To say no when you need to say no, and yes when you need to say yes, you need to remember what you really want.
People who are distracted are more likely to give in to temptations.
The brain is remarkably responsive to experience. Ask your brain to do math every day, and it gets better at math. Ask your brain to worry, and it gets better at worrying.
When you’re tired, your cells have trouble absorbing glucose from the bloodstream. When your blood sugar drops, your brain will start favoring short-term thinking and impulsive behavior.
When it comes to right and wrong, most of us are not striving for moral perfection. We just want to feel good enough – which then gives us permission to do whatever we want.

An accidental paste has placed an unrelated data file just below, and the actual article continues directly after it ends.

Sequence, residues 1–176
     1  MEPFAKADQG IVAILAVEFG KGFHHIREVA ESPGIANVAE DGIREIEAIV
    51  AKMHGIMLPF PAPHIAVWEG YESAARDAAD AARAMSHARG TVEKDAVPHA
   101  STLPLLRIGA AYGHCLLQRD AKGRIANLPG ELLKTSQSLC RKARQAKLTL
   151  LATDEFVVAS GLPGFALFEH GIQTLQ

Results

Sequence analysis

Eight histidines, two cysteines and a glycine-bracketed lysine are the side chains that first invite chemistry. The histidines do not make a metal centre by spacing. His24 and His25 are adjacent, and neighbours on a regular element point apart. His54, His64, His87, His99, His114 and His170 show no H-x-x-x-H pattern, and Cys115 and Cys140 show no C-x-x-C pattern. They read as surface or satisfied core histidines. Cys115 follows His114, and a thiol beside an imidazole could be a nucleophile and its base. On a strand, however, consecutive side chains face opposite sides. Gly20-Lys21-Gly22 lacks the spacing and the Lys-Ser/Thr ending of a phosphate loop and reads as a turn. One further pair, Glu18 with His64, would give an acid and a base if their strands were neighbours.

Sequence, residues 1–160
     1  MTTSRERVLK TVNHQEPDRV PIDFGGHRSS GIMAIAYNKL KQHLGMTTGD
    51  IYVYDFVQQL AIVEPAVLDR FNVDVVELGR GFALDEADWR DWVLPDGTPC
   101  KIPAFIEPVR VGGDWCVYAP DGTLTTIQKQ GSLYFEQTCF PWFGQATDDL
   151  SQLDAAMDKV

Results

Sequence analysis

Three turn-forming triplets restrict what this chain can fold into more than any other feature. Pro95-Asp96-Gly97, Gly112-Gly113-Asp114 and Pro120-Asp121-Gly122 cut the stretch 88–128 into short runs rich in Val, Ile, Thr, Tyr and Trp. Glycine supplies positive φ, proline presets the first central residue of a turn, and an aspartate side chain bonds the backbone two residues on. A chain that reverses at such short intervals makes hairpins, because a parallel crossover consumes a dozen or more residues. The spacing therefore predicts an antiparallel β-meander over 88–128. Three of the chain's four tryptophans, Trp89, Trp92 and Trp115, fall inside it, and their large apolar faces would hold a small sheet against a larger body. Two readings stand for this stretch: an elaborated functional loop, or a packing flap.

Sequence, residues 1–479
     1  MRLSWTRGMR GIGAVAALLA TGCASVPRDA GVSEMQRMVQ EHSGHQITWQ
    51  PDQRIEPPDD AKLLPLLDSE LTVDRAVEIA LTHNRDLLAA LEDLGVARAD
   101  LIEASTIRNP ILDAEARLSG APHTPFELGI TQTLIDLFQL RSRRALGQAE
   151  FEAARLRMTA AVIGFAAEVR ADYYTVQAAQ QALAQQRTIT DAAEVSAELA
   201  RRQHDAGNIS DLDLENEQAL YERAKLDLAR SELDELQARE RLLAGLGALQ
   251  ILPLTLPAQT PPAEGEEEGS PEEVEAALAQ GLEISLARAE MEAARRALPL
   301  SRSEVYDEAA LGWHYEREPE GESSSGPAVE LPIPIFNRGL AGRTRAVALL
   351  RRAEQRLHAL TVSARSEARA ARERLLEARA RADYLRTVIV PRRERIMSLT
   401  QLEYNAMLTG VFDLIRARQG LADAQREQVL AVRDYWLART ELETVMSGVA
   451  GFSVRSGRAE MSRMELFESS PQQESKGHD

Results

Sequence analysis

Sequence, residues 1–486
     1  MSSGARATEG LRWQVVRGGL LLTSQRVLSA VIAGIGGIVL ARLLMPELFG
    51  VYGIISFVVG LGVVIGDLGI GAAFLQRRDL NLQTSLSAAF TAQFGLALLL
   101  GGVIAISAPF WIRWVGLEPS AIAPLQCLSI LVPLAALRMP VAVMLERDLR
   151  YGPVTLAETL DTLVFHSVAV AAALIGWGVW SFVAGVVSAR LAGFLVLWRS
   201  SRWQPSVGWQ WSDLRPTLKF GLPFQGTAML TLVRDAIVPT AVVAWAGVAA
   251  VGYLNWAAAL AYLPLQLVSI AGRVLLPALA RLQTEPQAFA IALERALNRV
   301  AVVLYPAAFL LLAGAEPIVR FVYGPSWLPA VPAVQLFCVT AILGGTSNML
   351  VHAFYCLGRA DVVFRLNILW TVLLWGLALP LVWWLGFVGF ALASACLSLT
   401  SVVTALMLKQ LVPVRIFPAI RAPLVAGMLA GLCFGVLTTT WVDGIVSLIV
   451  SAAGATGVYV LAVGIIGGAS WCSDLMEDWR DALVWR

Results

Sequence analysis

Making progress on a goal motivates people to engage in goal-sabotaging behavior. For example, if someone has burned more calories, she couldn’t help imagining the food she was earning the right to eat.
The decision to change is the ultimate in instant gratification – you get all the good feelings before anything’s been done.
We humans have all sorts of mental tricks for convincing ourselves that the appropriate time to resist temptation is tomorrow.
If interested in reading more on this topic, you can refer — The Willpower Instinct – by Kelly McGonigal
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